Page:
As you step into Chicago's third district police station on the city's South Side, the first thing you see is not the typical hustle and bustle of law enforcement, but rather, dozens of Venezuelan migrants, including young children, sheltering outside and inside the station's tiny entryway.
Two families with young kids have been sleeping in the small vestibule for nearly two weeks. "They're in a very small and tight space with heat blowing to hold the building heat in. So there are particularly poor conditions," described Britt Hodgdon, a volunteer and social worker who's been checking in with the migrants every day for the past two weeks.
On a recent morning, Hodgdon was handing out breakfast burritos, coffee, blankets and socks while a friend she brought along was examining migrants with respiratory illnesses and other issues. Hodgdon, who's part of a group of 120 volunteers caring for migrants sleeping in police stations across Chicago, blasted city officials for relying so much on everyday citizens.
"What we're doing essentially is serving as a small local government right now in lieu of the city government and our officials who have been called to action and have not yet taken it," she said. The volunteers, who dubbed themselves the Chicago Police Station Response Team, say over 400 migrants are currently sheltering in nearly every police station across the city. They fear the situation could get a lot worse with a larger influx as pandemic-related asylum restrictions come to an end. On Tuesday, outgoing Chicago Mayor Lori Lightfoot declared a state of emergency, blaming Texas Governor Greg Abbott for "inhumanely" sending migrants to the Windy City as a political stunt.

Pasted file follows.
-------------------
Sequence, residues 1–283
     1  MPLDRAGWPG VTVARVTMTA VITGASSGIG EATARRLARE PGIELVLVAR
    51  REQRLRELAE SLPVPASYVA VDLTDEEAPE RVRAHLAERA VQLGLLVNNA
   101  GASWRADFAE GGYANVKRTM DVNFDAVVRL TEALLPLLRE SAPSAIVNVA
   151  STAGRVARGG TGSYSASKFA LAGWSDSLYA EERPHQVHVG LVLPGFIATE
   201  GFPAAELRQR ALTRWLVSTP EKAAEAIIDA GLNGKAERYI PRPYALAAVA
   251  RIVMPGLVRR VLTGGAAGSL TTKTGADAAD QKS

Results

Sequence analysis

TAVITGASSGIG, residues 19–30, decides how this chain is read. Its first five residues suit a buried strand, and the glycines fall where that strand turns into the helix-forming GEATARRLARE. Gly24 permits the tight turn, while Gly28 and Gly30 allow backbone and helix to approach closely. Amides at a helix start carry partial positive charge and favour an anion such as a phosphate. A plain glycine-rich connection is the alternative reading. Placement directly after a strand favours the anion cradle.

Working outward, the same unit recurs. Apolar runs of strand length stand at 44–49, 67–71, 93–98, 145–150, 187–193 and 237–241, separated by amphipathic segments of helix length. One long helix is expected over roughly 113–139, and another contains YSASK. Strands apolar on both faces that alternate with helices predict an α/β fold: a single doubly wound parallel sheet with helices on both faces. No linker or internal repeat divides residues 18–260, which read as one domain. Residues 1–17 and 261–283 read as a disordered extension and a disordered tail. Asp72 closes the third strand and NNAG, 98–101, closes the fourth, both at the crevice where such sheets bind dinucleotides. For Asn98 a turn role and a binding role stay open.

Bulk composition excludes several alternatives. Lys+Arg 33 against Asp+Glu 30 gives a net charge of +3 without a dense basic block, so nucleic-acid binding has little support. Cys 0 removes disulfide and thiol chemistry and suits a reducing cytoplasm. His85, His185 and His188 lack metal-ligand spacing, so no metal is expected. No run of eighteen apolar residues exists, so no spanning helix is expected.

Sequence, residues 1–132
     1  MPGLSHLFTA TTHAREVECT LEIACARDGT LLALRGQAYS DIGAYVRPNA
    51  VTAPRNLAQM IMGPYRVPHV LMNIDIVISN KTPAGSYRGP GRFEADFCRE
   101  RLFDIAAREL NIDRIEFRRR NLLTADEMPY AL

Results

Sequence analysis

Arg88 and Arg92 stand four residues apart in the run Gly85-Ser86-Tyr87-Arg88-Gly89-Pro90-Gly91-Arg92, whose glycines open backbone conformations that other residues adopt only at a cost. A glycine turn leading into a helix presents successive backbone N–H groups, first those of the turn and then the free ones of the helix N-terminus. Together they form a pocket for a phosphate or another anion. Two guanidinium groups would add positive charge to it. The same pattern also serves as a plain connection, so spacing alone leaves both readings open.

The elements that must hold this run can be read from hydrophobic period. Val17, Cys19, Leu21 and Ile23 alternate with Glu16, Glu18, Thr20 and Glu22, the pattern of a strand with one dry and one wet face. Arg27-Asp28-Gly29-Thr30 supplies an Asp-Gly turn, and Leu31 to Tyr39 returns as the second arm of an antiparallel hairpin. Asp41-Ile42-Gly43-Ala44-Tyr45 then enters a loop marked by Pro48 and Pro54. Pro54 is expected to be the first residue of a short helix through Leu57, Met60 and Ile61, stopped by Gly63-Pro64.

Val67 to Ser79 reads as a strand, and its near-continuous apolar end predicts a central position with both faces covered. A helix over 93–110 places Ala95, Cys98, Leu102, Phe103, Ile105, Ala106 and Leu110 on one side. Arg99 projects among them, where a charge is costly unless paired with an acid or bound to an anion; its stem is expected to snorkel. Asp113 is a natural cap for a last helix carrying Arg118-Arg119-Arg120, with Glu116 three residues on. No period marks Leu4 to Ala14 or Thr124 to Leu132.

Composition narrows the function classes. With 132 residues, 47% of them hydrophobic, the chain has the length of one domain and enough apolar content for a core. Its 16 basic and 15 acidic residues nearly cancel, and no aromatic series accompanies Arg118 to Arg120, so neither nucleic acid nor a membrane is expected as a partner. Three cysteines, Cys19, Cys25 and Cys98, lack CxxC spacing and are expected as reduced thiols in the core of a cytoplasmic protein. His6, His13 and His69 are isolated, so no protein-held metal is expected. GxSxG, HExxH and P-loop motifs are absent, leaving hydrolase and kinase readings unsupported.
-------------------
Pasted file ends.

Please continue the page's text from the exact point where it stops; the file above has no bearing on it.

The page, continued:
SEE MORE: Chicago declares state of emergency over migrant arrivals
Gov. Abbott has been busing migrants to Democratic-led cities as a challenge to President Biden's border policies.
Since August, over 8,000 have arrived in Chicago. It's unclear how many are coming on their own or with the help of non-profits rather than via buses coordinated by the Texas governor.
In a tenfold increase from last month, roughly 100 are now arriving daily. Most are sent to police stations until the city can place them in shelters.
Alexander Antonio López Luna, a migrant who's been sleeping at the station for two nights, trekked from his home country of Venezuela to the U.S. to seek asylum.
He told Scripps News that "the conditions aren't very pleasant because we sleep on the floor. But it's been great to receive so much attention and support from volunteers and from the police."
López Luna says he came to Chicago by bus on his own because he heard the city is a good place for migrants to start a new life and find work. Other cities like New York, Washington D.C., Philadelphia, and Denver are also dealing with growing migrant crises.
Some volunteers, like Ana Gil-Garcia, are taking matters into their own hands.
The director and founder of the Illinois Venezuelan Alliance has opened her apartment to dozens of migrant families over the past few years. Her organization has put out a call for more established immigrants to do the same.
She worries about how much worse the crisis could get.
"These are humans and these are people with children and these are people with many different needs. They come to Chicago with nothing," she said.
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